The sentiment is as relevant today as it was in 1962. Water is a tough business and when one aspect is changed it leads to a domino effect. Only so much water exists, everybody is in need and demand is increasing.

Broderick said managing water is just like completing a puzzle. Water rights and physical restrictions, such as a reservoir being at full capacity, make the job tedious and technical. There’s also politics, which is always closely tied to weather and climate.

Broderick said it is, for the most part, tough to say what could happen for Southeastern Colorado on a broad scale with the plan. Does it mean the Southeastern region of the state will see less water? Most likely not. That’s water the region is entitled to.

Right now, it still takes a great deal of studying and planning.

Around March, when the snowpack begins to melt, he can tell from historic patterns whether agriculture will have a tough growing season. If the trend is looking bleak in March, farmers will make arrangements to their crop plans. Plant less, or something different entirely.

For municipalities, reservoirs serve as storage. So, in a dry year there the effects of a drought aren’t always felt as harshly. The Pueblo Reservoir, which holds a lot more than just Pueblo’s water, stores three years worth of water for the city.

“The problem is not drought years, it’s the wet years because that water is gone the next year,” Broderick said.

John F Kennedy in Pueblo

John Carroll presents John F. Kennedy an engraved frying pan at Dutch Clark Stadium upon the appropriation of the Fryingpan-Arkansas Project in 1962. Photo courtesy of Pueblo City-County Library District

Meaning, there is no rollover. If there isn’t a place to store the water, the owner doesn’t get to claim it once there’s room. So, really, a major piece becomes storage.

At the beginning of April, snowpack in Colorado was at 65 percent of average. But the state is doing better than average on storage. Reservoirs are at 108 percent of average. So, even with less water it doesn’t necessarily feel like it to average citizens.

“Whenever you have a catastrophic event like this (California’s drought) people start thinking differently,” Broderick said. So, the Colorado Water Plan isn’t much of a surprise. It’s tweaking to get the most out of the state’s water.

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Push to legalize marijuana upends governor’s race in New Mexico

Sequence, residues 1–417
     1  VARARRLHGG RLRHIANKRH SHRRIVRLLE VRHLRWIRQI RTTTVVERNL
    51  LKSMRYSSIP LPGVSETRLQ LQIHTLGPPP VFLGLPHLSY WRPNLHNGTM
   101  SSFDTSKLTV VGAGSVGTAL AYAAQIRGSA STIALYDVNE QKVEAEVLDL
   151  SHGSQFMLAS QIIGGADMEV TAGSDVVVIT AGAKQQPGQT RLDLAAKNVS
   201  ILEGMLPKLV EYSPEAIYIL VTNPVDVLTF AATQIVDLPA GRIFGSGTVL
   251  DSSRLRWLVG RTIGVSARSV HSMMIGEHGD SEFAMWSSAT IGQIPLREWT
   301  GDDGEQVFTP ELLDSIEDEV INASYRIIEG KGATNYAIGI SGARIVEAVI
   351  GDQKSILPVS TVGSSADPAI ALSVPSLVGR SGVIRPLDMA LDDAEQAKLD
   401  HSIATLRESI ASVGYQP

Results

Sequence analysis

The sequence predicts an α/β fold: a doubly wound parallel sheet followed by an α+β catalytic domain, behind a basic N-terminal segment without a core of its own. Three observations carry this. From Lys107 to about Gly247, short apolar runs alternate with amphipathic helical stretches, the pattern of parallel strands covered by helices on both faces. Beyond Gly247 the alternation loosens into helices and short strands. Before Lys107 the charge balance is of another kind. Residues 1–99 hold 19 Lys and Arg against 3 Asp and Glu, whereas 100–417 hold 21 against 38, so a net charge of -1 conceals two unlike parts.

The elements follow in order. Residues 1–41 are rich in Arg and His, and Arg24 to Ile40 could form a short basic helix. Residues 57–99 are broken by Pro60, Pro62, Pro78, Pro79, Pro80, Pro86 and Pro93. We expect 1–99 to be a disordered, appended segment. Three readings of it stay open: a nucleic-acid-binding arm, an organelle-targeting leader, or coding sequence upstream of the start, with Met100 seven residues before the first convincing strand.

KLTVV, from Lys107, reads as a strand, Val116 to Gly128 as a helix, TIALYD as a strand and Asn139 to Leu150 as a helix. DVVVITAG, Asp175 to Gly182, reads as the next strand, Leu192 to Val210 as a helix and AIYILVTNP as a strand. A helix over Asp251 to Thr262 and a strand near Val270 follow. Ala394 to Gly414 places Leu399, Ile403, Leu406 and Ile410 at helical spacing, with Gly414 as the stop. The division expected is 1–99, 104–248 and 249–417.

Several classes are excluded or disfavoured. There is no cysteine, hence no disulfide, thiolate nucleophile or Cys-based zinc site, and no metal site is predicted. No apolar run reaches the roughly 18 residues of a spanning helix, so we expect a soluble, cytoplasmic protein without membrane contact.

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ALBUQUERQUE, N.M. — Democratic gubernatorial candidate Jeff Apodaca on Thursday called for the expansion of New Mexico’s medical marijuana program and for legalization of recreational use, saying the poverty-stricken state is missing out on millions of dollars in tax revenues and jobs that could be spurred by the industry.

Apodaca released his plan solidifying his position as a supporter of legalization as the race for governor heats up.

Apodaca pointed to New Mexico’s history as the first state to allow for research and experimentation with marijuana as a therapeutic drug. It was his father, then-Gov. Jerry Apodaca, who signed that legislation in 1978.

The research program stalled and it wasn’t until 2008 that New Mexico rolled out its medical cannabis program.

“Why are we shooting for being the last to legalize cannabis for adult use?” Apodaca said.

The push for legalization comes as New Mexico’s medical marijuana program has grown exponentially in just the last two years. Producers licensed under the program reported record sales of more than $86 million in 2017 and the number of patients enrolled now tops 50,000.

“We know the medical benefits of it. And we also know the opportunities of legalization for adult use,” Apodaca said, suggesting expansion of the long-standing medical marijuana program along with legalization could result in an estimated $200 million of additional tax revenues for the state.

The state’s largest producer, Ultra Health, announced that it has acquired farmland in southern New Mexico and has plans for what the industry says could be the largest cultivation facility in North America.

The property spans nearly one-third of a square mile (81 hectares) in Otero County. It will include 20 acres (8 hectares) of indoor cultivation, 80 acres (32 hectares) of outdoor cannabis fields and another 100 acres (40 hectares) of outdoor hemp fields.

Ultra Health president and CEO Duke Rodriguez said the company is preparing for a future in which New Mexico stands to benefit from expanded medical use and possibly recreational use.

Apodaca’s plan calls for lifting the current limits on the number of plants producers can grow and reducing costly licensing fees.

Other Democratic candidates have been more cautious.